An integrated account of the quantitative and qualitative results is presented below, in relation to each of the three research hypotheses. Additionally, session report, survey, and observation ANOVA results are presented in Table 2, while all qualitative analysis themes are collected in Table 3. All effect sizes reported are partial omega squared values (Olejnik and Algina, 2003) and interpreted following Field (2013), and all Cohen's d values were interpreted according to Sawilowsky (2009).


Table 2. Fixed-effects ANOVA results for session report, survey, and observation scores.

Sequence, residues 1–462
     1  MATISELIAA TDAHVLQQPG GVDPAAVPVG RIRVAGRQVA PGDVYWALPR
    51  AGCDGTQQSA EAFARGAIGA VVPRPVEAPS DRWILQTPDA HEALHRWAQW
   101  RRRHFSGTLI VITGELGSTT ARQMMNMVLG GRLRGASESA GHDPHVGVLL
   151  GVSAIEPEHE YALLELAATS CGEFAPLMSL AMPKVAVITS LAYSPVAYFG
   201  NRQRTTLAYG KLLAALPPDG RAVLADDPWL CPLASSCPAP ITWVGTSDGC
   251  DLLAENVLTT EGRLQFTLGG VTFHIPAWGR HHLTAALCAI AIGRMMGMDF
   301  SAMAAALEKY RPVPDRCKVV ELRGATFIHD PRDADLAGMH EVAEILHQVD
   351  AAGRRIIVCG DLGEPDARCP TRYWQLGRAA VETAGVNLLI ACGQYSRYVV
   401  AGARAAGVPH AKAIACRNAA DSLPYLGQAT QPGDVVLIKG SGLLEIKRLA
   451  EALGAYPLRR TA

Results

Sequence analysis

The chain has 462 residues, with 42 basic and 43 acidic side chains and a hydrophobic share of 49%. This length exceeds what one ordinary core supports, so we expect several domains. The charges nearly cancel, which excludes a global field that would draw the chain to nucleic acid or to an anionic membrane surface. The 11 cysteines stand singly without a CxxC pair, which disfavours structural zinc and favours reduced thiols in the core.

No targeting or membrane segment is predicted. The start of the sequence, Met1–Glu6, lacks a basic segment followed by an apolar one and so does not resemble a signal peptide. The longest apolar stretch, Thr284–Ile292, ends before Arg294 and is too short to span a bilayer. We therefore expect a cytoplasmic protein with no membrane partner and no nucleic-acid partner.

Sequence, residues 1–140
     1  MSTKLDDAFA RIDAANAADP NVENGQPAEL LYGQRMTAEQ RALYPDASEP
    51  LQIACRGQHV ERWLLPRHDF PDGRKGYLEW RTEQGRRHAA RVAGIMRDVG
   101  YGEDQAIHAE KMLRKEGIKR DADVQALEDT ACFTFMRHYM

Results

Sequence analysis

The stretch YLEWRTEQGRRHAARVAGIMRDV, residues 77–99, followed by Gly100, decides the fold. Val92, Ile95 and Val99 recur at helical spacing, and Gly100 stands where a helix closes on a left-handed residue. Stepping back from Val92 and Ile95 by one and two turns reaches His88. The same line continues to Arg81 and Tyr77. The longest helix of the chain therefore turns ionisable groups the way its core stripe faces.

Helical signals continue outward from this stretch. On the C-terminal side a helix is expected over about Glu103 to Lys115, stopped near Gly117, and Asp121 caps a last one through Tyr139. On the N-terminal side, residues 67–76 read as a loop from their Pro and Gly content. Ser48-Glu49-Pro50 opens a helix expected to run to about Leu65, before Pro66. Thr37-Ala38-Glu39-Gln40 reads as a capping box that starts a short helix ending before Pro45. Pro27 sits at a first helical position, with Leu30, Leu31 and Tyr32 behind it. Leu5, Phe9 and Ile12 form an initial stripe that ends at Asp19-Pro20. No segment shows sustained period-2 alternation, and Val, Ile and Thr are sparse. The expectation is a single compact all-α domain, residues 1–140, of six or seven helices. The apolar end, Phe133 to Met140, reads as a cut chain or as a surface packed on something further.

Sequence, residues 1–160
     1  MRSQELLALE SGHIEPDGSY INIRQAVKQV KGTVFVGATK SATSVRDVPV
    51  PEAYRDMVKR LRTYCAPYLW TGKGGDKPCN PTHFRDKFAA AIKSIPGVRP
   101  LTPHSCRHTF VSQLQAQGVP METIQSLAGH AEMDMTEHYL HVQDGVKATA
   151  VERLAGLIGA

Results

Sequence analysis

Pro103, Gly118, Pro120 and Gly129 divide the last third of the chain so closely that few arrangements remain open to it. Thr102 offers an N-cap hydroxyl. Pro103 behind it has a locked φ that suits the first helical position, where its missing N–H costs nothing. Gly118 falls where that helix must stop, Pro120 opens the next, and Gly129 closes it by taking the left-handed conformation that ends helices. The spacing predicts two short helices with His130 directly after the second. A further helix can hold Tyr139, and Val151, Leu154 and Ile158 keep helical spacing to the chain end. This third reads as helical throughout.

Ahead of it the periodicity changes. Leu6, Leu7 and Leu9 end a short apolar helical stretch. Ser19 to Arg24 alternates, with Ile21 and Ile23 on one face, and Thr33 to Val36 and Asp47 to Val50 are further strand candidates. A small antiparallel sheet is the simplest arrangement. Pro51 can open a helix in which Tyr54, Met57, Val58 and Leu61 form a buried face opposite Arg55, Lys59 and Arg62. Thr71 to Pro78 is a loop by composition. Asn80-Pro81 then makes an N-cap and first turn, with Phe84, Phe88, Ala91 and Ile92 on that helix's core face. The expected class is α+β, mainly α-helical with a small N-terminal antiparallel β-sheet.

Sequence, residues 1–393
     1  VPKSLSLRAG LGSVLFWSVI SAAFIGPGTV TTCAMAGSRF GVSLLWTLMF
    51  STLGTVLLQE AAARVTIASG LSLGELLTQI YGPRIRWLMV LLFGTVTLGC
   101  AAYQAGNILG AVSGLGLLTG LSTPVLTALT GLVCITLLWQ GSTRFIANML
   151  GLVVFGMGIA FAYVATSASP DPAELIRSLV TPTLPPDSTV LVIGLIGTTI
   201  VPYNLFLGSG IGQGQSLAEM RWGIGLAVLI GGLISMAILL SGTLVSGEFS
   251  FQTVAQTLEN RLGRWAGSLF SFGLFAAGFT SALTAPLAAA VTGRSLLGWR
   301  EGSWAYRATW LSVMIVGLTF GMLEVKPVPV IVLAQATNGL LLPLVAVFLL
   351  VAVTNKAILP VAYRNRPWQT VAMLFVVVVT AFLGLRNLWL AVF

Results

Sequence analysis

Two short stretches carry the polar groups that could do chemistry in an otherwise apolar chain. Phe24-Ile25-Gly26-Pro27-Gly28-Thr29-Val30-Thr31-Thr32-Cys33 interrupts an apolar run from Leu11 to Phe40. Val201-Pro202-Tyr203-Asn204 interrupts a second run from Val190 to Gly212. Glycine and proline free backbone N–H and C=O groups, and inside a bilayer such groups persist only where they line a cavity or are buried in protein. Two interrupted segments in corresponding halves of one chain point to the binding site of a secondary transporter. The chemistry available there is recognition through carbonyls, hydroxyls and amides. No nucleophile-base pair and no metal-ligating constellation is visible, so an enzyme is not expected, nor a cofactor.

Table 3. Identified themes by supra-ordinate categories and their hypothesis relevance.

Testing Hypothesis 1: “The Difference to [Their-Child's] Mood Each Week Has Been Noticeable” [Parent]

In order to test the first hypothesis that young people will show greater development in intra-personal outcomes over their engagement in virtual group music-making, when compared to development in inter-personal outcomes, we performed two mixed analyses of variance with session report scores (session type, setting, and outcome type as predictors), and survey scores (session type, and outcome type as predictors).